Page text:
See why ‘Vocation’ is not a dirty word.
I was thrilled to speak with Professor Tony Gill, host of the “Research on Religion” podcast, who asked really good questions about college, vocation, and young adulthood today, with Dr. Al Zambone on Historically Thinking podcast #69, and with Dr. Bonni Stachowiak on Teaching in Higher Ed podcast #083.
From the dust jacket:
“At this time of increasing doubt and uncertainty in higher education, Clydesdale has given us a shining path forward. The Purposeful Graduate is well reasoned yet passionate in its recommendations. It is also a good read, filled with compelling stories of young people searching for meaningful vocations in our complex world. I recommend it to anyone who cares about the future of higher education in this country.”
—William Damon, Stanford University
“An impressive, large-scale mixed-methods, and richly qualitative examination of a program funded by the Lilly Endowment. . . . Clydesdale usefully points to the institutional exigencies that make higher education both a difficult and a fruitful place for change. He finds that these programs, with the right institutional location, leadership, and focus, can make an extremely positive impact on student resilience, engagement, and mental health and on faculty and staff connections to their work and their professional communities. . . . Clydesdale’s book holds higher education to its potential and its promise to nurture our search for purpose on our campuses and—with an important optimism—concludes that this is within our reach.”
—American Journal of Sociology
News & reviews: The book was featured in a Dec 2016 essay in America magazine, cited in the AAUP’s Academe in the Sept/Oct 2016 issue, reviewed by Marc Thomas for NAFSA in May 2016, reviewed by Lisa Stulberg in the July 2016 issue of the American Journal of Sociology, and reviewed by Cara Arena in the 2017 Winter Issue of the Review of Higher Education. The Purposeful Graduate was also recommended by Education Dive as one of six books “educators should catch up on over the holidays.” I was interviewed by Tim Goral, and his article, “Reclaiming the Higher Calling of Higher Education” appeared in the Oct 2015 issue of University Business. I was also interviewed for Duke University’s Faith & Leadership Project. Jessica Robinson of Baylor University reviewed the book for Christian Higher Education, Robert Osburn reviewed it for First Things, and Luke Hlavin reviewed it for the Association of Catholic Colleges and Universities. Tim Muldoon wrote about the book on his Patheos blog, Dr. McPhail of the National Action Council for Minorities in Engineering blogged about the book on Oct 6, 2015. And Michael Sean Winters reviewed the book in the National Catholic Reporter; his review appeared in two parts: NCR part 1, NCR part 2. He concludes “The skepticism with which I began the book – purpose exploration sounded a little Oprah-ish to my ears – was dispelled by the time I finished it. If your school does not have such a program, it should. If your child does not engage such a program, they should. And, if you care about higher education and you have not read this book, you should.”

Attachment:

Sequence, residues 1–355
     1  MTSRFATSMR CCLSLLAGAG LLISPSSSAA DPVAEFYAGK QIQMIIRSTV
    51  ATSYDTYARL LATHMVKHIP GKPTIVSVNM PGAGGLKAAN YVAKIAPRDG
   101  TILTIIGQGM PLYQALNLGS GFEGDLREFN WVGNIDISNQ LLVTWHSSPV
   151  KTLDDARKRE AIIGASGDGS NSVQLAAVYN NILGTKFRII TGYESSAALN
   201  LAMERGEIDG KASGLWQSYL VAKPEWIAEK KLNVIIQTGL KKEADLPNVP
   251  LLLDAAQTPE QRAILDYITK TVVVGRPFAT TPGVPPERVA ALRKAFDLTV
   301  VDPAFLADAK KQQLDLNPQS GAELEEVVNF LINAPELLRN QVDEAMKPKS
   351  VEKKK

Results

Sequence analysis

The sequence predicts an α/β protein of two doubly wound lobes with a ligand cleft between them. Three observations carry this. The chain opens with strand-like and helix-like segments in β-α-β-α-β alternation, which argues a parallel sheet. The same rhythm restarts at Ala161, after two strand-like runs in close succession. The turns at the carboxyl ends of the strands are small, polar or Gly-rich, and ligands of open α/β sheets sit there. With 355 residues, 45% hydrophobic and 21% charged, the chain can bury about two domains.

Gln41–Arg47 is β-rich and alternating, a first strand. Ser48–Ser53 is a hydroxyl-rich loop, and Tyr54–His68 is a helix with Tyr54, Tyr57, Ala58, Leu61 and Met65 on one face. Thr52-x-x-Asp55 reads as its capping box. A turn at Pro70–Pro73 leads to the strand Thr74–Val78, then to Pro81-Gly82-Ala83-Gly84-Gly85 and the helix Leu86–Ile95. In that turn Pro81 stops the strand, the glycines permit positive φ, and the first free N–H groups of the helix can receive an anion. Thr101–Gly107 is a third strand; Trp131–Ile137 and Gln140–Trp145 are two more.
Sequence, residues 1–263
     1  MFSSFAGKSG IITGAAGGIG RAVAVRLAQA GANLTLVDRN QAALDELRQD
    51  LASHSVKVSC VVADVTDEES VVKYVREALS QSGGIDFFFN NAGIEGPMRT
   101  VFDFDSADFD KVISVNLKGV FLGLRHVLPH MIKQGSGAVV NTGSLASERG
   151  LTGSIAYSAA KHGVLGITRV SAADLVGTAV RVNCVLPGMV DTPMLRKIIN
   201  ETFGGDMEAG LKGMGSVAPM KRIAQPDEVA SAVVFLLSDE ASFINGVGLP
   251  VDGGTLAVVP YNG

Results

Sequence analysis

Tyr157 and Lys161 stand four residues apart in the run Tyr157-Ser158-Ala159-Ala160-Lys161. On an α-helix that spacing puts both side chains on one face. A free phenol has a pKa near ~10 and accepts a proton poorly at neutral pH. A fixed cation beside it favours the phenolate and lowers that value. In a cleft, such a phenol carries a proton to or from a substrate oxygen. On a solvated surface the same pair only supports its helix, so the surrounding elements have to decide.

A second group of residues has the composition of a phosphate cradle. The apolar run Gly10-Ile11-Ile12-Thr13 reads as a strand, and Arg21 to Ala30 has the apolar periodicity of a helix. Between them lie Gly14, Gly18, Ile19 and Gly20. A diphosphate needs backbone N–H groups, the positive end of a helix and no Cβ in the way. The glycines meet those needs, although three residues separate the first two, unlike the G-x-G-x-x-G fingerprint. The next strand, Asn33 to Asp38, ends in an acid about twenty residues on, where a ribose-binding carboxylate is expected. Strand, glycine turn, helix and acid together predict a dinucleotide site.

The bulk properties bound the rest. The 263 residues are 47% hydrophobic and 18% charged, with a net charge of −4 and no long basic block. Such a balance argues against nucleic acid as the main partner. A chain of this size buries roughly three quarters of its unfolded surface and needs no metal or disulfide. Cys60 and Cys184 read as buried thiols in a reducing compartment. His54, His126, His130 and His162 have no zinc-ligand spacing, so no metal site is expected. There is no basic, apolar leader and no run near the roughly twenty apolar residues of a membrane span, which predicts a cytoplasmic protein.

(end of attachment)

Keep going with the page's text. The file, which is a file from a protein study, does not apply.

I was honored that my colleagues at TCNJ organized a student reader panel and celebratory reception in September 2015. Here’s the student newspaper article about the event, along with a 4 minute highlight video.
For a sample of what you will find in The Purposeful Graduate, see my essay in the Winter 2014 issue of Liberal Education: “Holy Grit! The Effects of Purpose Exploration Programming on Undergraduate Engagement and Life Trajectories.”